China's premier told a summit of Asian and European leaders Monday that major economic institutions need a clear and reliable plan to solve Europe's sovereign debt crisis.
Wen Jiabao, who is also China's top economic official, told the opening session of the two-day Asia-Europe Meeting in Laos that European nations need to balance reform, stability of financial markets and economic recovery.
"The main economic institutions need to roll out a clear and reliable midterm financial plan as early as possible to solve the sovereign debt crisis," Wen said.
Europe's debt crisis is expected to dominate this year's meeting, which brings together leaders or top ministers from almost 50 countries from the two continents. It is seeking ways to strengthen trade and cooperation between the two blocs.
With Europe's economy as a whole in poor health and with chronic and serious problems such as in Greece and Spain, European leaders are hoping that the strong Asian economies can come to their aid.
The European Union is China's biggest trading partner, and Beijing clearly wants to see it recover. Wen's comments show the concern in Beijing that the contagion in Europe could spread farther.
Following Wen, France's President Francois Hollande almost seemed to counter the Chinese appeal by making a plea for everyone to heed the ways of the free market.
"Europe has always trusted the market on condition that the rule of reciprocity is the same for everyone because Europe cannot be a continent that is always in commercial deficit," Hollande said. "We need to have equal exchange. We believe in an open market system, but we ask that everyone makes the same effort with the same clarity."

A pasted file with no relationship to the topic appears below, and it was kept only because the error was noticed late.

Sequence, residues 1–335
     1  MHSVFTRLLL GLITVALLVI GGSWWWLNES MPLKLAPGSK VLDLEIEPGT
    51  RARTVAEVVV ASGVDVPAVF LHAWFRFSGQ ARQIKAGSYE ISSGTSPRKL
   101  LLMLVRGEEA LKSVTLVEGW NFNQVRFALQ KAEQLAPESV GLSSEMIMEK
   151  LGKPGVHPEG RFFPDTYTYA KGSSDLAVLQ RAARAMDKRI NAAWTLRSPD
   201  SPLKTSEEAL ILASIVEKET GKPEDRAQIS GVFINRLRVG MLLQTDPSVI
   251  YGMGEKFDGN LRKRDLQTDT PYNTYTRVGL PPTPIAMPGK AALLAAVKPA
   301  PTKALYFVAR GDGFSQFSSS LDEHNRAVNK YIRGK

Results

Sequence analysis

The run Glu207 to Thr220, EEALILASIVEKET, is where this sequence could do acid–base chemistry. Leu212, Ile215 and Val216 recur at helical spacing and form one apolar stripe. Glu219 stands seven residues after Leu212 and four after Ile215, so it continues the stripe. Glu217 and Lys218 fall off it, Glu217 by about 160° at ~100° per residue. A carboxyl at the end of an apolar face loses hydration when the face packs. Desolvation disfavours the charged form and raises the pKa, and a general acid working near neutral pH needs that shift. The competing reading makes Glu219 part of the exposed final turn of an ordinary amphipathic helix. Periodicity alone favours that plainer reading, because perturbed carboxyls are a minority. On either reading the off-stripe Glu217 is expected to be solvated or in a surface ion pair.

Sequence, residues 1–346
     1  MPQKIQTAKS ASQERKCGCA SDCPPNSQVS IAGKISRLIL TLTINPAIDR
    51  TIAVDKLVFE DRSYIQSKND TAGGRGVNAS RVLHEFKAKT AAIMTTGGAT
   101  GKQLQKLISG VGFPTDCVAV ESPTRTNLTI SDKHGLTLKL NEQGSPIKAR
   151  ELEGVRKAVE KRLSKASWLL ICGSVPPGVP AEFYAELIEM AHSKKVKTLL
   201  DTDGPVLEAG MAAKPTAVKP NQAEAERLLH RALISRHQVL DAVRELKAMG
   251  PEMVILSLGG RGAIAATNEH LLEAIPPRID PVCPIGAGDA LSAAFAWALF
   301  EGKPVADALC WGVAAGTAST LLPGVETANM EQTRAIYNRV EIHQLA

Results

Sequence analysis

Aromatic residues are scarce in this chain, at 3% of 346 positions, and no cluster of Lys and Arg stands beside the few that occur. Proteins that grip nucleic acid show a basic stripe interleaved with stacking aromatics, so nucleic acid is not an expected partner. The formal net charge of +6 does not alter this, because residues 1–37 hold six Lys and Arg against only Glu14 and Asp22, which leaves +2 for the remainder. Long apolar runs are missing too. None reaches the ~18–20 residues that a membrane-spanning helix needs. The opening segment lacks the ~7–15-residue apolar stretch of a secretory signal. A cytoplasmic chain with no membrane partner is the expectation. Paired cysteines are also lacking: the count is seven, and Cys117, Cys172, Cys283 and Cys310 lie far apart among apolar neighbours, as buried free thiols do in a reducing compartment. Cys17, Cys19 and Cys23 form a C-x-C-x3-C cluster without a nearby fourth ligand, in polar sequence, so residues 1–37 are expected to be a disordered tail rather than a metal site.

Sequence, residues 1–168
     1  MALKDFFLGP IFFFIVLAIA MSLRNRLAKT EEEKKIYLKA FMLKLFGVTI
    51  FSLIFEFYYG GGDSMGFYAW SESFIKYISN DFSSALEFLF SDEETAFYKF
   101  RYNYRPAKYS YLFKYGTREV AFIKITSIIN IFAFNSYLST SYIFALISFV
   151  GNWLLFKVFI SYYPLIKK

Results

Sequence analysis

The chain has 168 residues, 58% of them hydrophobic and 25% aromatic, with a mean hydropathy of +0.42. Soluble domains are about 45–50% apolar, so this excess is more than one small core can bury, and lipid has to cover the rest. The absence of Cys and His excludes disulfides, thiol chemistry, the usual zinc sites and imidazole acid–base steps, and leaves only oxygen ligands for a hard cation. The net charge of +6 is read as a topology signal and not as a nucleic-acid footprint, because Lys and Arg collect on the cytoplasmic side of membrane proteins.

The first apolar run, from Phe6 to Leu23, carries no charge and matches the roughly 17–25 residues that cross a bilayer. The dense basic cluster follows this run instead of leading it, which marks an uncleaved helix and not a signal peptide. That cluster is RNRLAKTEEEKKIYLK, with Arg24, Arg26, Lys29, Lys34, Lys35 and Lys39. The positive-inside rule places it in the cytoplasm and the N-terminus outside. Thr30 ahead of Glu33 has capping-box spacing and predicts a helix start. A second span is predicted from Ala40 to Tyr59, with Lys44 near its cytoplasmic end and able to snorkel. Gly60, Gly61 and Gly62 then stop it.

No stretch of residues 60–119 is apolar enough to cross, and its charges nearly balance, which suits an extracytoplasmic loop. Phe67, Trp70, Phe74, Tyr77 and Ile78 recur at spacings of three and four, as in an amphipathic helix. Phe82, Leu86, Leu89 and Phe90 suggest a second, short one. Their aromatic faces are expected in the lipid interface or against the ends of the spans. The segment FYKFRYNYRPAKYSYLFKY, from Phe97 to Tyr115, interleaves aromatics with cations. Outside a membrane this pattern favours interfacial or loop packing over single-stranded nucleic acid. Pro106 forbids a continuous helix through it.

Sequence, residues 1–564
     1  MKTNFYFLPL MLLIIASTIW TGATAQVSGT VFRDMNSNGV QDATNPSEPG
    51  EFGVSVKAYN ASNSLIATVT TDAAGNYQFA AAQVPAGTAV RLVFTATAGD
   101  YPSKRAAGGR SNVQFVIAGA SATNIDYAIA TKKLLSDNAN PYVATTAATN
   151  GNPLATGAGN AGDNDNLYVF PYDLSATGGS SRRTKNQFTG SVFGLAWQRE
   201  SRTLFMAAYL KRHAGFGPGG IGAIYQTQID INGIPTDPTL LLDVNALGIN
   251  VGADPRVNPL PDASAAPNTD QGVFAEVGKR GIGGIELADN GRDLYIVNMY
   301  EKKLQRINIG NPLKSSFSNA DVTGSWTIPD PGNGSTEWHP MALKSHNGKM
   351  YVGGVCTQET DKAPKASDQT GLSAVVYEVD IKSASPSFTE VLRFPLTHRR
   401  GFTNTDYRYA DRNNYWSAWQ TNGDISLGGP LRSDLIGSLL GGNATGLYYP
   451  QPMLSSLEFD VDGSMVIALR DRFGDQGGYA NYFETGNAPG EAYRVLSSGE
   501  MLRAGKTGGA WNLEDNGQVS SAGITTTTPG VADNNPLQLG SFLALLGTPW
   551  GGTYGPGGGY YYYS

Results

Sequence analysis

Other ASEM sessions will cover a broad range of topics from terrorism and sea piracy to human rights and education. Leaders are also having bilateral meetings on the sidelines.
Along with Wen and Hollande, other heavyweights attending are Japan's Prime Minister Yoshihiko Noda, Italy's Premier Mario Monti, Russian Prime Minister Dmitry Medvedev and Australian Prime Minister Julia Gillard.
Gillard became the first Australian prime minister to meet with a leader of Myanmar since 1984 when she held talks Monday with President Thein Sein. Australia, like many Western nations, has eased sanctions against Myanmar since the new reform-minded, nominally civilian government took power in March 2011.
"We have seen changes happen, and as change has happened, every step of the way we have welcomed that change and we have shifted Australia's foreign policy settings to recognize that change," Gillard told reporters in Vientiane, the Lao capital.
"This meeting is another recognition of that change," she said.
Gillard said there was still more for Myanmar to do as it transitions to democracy.
"I will certainly be saying as I have said here that we have continuing concern about human rights questions for ethnic minority groups," she said ahead of Monday's meeting.
Although the Myanmar government has signed cease-fires with several ethic guerrilla groups, its forces are still fighting the Kachin minority in the country's north. It has also failed to put an end to communal violence in the western state of Rakhine, where clashes in recent months between minority Muslim Rohingya and Buddhist Rakhine have left scores dead and more than 100,000 displaced.